Namely, when the spool 26 moves to the left in FIG. 1, the port 26a of the linear solenoid valve 25 which is connected to the port 2b of the oil passage 2 communicates with the hydraulic fluid source 28 through the port 26c, and the drain port 26d is closed by one of the lands of the spool 26. Further, the port 26b which is connected to the port 3b of the oil passage 3 communicates with the drain port 26e. Consequently, hydraulic fluid fed from the hydraulic fluid source flows into the hydraulic chamber 5 of the valve timing adjusting mechanism 10 through the oil passage 2 and the port 2a. The piston member 17 is urged to the right in FIG. 1 by the hydraulic pressure in the hydraulic chamber 5 which exerts a force on the back side of the annular piston 19. Therefore, the piston member 17 moves to the right in FIG. 1. By the displacement of the piston member 17, the hydraulic fluid in the hydraulic chamber 8 is drained from the chamber 8 through the port 3a, oil passage 3, port 3b, and the hydraulic port 26b and the drain port 26e of the linear solenoid valve 25.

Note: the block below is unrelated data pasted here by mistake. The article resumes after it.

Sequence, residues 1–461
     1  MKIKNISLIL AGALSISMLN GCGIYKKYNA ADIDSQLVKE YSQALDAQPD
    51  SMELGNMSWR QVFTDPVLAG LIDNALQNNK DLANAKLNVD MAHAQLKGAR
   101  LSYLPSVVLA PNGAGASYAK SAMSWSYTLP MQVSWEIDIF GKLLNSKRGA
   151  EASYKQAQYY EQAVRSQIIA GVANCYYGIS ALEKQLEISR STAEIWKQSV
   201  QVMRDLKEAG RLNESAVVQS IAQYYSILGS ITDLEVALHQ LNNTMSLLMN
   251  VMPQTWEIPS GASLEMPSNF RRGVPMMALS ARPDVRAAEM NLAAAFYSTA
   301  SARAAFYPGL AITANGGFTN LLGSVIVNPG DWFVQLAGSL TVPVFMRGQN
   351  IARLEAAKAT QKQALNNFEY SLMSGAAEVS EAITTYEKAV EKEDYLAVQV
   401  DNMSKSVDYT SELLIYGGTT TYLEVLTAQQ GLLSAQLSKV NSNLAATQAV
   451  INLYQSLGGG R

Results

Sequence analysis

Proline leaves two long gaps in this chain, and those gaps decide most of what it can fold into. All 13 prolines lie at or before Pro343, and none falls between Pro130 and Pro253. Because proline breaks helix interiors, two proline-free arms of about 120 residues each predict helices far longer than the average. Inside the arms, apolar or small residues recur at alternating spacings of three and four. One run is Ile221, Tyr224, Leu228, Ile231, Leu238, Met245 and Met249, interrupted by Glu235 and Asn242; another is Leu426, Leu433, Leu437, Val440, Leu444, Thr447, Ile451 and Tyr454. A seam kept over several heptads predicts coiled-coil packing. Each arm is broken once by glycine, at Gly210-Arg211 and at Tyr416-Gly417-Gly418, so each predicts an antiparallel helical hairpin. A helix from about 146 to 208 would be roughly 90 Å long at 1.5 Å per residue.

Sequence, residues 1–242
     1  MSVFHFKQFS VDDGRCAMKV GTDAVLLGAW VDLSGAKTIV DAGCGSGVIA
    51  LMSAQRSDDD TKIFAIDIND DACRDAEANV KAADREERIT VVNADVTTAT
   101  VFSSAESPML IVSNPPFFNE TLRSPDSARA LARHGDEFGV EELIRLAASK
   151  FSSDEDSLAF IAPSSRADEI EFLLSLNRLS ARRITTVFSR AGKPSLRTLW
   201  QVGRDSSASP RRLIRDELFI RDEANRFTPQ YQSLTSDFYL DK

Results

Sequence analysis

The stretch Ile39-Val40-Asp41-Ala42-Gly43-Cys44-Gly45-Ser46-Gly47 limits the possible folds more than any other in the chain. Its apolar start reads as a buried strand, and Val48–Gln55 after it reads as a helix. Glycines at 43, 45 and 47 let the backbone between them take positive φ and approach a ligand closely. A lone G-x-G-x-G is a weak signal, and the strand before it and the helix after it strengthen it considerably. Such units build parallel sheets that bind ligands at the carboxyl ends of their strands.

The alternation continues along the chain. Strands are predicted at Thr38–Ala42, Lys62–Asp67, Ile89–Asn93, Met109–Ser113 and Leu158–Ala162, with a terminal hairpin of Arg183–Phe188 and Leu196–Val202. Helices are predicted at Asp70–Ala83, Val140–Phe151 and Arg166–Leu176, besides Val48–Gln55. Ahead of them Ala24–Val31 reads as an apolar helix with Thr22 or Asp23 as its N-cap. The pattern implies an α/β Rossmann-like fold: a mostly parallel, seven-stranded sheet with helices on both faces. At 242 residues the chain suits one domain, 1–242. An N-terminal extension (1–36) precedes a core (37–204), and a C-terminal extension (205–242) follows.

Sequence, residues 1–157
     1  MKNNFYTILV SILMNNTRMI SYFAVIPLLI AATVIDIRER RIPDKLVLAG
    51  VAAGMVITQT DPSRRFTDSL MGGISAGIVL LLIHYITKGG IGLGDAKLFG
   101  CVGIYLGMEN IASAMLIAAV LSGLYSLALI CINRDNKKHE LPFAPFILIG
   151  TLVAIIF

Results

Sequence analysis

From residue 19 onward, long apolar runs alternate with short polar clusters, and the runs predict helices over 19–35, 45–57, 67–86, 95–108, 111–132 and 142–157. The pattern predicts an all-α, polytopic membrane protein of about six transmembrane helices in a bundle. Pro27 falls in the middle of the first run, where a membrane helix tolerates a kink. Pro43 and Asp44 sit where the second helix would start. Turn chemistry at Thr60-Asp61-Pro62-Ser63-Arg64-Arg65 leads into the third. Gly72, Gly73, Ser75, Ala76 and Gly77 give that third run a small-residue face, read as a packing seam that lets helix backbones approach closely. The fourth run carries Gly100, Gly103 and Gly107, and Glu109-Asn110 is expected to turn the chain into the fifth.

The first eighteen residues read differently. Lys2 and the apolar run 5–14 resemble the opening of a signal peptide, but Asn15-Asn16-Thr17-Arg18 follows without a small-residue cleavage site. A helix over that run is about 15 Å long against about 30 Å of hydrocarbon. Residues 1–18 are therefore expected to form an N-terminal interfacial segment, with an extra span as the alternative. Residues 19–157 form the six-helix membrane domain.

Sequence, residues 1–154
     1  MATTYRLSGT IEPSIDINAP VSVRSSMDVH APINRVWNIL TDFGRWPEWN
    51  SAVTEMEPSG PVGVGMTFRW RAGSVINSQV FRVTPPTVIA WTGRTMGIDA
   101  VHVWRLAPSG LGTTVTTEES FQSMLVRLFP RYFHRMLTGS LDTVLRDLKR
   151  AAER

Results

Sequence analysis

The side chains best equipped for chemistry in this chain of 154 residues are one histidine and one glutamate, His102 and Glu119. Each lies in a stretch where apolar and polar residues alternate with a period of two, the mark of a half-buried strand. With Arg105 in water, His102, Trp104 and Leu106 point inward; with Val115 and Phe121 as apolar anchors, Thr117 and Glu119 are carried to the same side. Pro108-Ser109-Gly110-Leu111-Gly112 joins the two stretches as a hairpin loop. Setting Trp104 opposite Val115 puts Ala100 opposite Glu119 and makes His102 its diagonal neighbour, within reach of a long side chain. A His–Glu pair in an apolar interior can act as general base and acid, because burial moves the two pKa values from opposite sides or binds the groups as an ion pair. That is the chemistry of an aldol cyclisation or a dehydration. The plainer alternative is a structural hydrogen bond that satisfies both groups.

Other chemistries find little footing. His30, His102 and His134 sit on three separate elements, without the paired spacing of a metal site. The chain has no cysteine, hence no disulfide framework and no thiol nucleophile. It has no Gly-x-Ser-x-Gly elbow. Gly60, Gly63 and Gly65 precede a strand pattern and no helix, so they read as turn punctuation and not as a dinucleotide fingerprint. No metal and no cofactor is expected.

On the contrary, when the spool 26 moves to the right in FIG. 1, the hydraulic port 26b is connected to the hydraulic fluid source 28 through the port 26c, and the port 26a communicates with the drain port 26d. Therefore, the hydraulic fluid from the hydraulic fluid source 28 flows into the hydraulic chamber 8 through the oil passage 3, and the fluid in the hydraulic chamber 5 is drained through the oil passage 2 and the drain port 26d of the linear solenoid valve 25. Consequently, the piston member 17 moves to the left in FIG. 1.